Wagner shows Red Sox are smarter than Mets

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Now that Billy Wagner has signed with the Braves we can fully assess just how masterfully general manager Theo Epstein and company handled his brief time in Boston from the Red Sox’s point of view.
Back in late August the Red Sox sent a pair of players to be named later to the Mets for Wagner, agreeing to assume $3.2 million in salary. Chris Carter and Eddie Lora turned out to be the PTBNLs, and while certainly not without value both are fairly marginal prospects.
However, because the Red Sox were able to take Wagner’s salary off the Mets’ hands and then made the correct decision to offer him arbitration, they now stand to receive the No. 19 overall pick and another selection between the first and second rounds in next June’s draft. So for $3.2 million and a pair of fungible minor leaguers the Red Sox are going to end up with 15 appearances of 1.98 ERA pitching from Wagner, the 19th overall pick, and a second-round pick.
The whole process is an example of why teams with big budgets have advantages that go beyond being able to hand out huge multi-year contracts. Most teams wouldn’t have had the payroll leeway to add $3.2 million in late August and many teams would have shied away from offering Wagner arbitration for fear that he’d accept and stick them with a big commitment for 2010. Boston had payroll room to add Wagner and no real worries about being stuck with a bill for 2010.
Along with some clever maneuvering by Epstein that basically allowed them to buy a pair of high draft picks, which a study by Nate Silver of Baseball Prospectus determined to be worth around $12 million. Of course, having a big budget alone doesn’t mean everything, because the Mets have nearly as much cash to fling around as the Red Sox and simply failed to recognize (or care about) Wagner’s value as a source of draft picks. Instead they saved $3 million in cash and lost $12 million in draft picks.

Report: Diamondbacks acquire Steven Souza from Rays in part of three-team deal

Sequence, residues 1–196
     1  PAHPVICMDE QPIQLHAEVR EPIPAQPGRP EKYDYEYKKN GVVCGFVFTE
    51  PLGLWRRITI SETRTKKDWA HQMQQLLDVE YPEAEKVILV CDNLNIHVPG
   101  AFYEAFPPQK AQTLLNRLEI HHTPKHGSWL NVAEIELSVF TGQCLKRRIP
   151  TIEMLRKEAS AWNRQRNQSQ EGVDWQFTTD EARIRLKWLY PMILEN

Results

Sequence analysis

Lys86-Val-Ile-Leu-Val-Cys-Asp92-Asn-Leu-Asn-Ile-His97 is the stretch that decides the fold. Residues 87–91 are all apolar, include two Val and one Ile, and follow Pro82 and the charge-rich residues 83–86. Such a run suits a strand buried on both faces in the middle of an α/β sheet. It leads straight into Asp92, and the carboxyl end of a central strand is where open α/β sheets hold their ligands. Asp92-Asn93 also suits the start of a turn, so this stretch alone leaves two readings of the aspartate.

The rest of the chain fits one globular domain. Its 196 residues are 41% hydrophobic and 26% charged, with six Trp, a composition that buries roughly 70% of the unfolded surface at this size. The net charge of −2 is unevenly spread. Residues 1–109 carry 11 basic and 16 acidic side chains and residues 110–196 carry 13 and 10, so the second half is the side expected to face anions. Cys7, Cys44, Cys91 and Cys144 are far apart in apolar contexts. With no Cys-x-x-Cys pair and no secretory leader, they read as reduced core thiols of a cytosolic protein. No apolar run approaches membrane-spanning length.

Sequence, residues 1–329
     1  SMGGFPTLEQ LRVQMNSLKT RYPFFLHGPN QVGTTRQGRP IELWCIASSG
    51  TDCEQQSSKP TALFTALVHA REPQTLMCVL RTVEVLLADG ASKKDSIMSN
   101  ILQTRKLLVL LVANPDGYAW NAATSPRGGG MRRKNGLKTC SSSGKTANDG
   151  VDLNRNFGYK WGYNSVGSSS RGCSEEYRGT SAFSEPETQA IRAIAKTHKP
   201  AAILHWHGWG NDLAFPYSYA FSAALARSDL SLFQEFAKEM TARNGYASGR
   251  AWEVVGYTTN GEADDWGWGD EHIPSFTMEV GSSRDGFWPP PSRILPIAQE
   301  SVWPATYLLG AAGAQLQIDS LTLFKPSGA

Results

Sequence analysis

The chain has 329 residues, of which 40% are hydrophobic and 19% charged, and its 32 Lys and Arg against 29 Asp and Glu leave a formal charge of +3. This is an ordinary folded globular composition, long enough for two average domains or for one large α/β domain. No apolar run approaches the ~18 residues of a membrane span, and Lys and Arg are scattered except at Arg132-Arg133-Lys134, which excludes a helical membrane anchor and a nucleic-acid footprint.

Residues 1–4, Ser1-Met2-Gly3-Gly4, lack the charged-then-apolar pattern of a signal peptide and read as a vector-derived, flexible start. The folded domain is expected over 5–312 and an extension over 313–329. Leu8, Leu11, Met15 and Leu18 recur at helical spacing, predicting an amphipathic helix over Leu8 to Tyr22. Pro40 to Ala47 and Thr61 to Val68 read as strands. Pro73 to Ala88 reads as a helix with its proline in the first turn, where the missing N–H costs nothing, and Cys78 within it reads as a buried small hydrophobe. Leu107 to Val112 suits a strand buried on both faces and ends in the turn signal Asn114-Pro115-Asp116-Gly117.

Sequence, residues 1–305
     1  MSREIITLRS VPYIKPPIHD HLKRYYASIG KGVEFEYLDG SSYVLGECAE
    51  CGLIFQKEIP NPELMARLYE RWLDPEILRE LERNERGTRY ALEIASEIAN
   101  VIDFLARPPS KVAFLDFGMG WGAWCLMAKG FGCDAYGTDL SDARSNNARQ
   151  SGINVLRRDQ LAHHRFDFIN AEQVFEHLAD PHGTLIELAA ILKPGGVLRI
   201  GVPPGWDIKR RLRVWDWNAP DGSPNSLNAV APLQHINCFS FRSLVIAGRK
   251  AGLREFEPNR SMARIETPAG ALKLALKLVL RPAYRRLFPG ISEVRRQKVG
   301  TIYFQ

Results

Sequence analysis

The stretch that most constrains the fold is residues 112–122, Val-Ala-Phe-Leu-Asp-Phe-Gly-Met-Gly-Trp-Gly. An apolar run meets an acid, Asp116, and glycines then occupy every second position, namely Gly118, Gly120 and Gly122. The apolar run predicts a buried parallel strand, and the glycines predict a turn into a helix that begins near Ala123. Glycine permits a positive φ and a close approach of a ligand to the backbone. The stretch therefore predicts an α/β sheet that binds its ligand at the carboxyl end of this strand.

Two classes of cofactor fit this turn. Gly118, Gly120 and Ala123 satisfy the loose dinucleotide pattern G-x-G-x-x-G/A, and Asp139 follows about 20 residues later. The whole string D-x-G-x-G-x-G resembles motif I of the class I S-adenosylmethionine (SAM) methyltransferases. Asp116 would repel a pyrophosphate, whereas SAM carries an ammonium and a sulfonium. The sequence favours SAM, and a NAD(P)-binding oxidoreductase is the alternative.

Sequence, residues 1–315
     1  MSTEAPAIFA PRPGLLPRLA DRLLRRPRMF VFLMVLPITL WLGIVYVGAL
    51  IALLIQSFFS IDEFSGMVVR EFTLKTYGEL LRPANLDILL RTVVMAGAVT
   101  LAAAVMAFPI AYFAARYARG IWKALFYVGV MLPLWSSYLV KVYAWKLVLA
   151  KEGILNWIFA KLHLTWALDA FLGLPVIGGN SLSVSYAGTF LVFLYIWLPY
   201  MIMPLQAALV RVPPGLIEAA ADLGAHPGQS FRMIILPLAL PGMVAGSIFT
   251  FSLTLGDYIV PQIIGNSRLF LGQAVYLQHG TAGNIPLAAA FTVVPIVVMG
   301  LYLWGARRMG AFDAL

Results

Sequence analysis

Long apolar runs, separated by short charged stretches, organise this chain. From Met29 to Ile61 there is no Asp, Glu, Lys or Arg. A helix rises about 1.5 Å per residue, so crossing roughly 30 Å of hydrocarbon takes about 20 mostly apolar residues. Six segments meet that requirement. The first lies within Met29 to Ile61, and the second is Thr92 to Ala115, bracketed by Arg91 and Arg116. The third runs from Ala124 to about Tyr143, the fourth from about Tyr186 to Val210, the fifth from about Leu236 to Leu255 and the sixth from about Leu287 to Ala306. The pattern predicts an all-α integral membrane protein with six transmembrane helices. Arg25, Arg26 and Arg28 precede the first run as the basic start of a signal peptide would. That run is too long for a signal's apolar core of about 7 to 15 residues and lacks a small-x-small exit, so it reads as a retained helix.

Tampa Bay Rays
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Update (6:35 PM ET): This is a three-team deal also involving the Diamondbacks, per Nick Piecoro of the Arizona Republic. The Diamondbacks will receive outfielder Steven Souza from the Rays and second baseman Brandon Drury will head to the Yankees. Lefty reliever Anthony Banda will go to the Rays, Piecoro adds. The Diamondbacks will also receive prospect Taylor Widener from the Yankees, per Joel Sherman of the New York Post. MLB.com’s Steve Gilbert adds that the Rays will get two players to be named later from the D-Backs.

Souza, 28, is earning $3.55 million in his first of three years of arbitration eligibility, so the Rays are presumably saving money in moving him. Last season, Souza hit a productive .239/.351/.459 with 30 home runs, 78 RBI, 78 runs scored, and 16 stolen bases in 617 plate appearances. Souza’s arrival almost certainly pushes Yasmany Tomas out of a starting gig.

Drury, 25, has played a handful of positions in his brief major league career. Last year, he played second base in Arizona, batting .267/.317/.447 with 13 home runs and 63 RBI in 480 PA.

Banda, 24, made his major league debut last season, posting an ugly 5.96 ERA with a 25/10 K/BB ratio in 25 2/3 innings. The peripherals suggest he pitched better than his ERA indicated.

Widener, 23, was selected by the Yankees in the 12th round of the 2016 draft. This past season with High-A Tampa, he pitched 119 1/3 innings and posted a 3.39 ERA with a 129/50 K/BB ratio. MLB Pipeline rated Widener as the 14th-best prospect in the Yankees’ system.

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Robert Murray of FanRag Sports reports that the Rays will acquire second base prospect Nick Solak from the Yankees. The Yankees’ return is presently not known.

Solak, 23, was selected by the Yankees in the second round of the 2016 draft. He spent last season between High-A Tampa and Double-A Trenton, hitting a combined .297/.384/.452 with 12 home runs, 53 RBI, 72 runs scored, and 14 stolen bases.

MLB Pipeline ranked Solak as the eighth-best prospect in the Yankees’ system and the fifth-best second base prospect in baseball, praising him for his ability to hit line drives as well as his speed.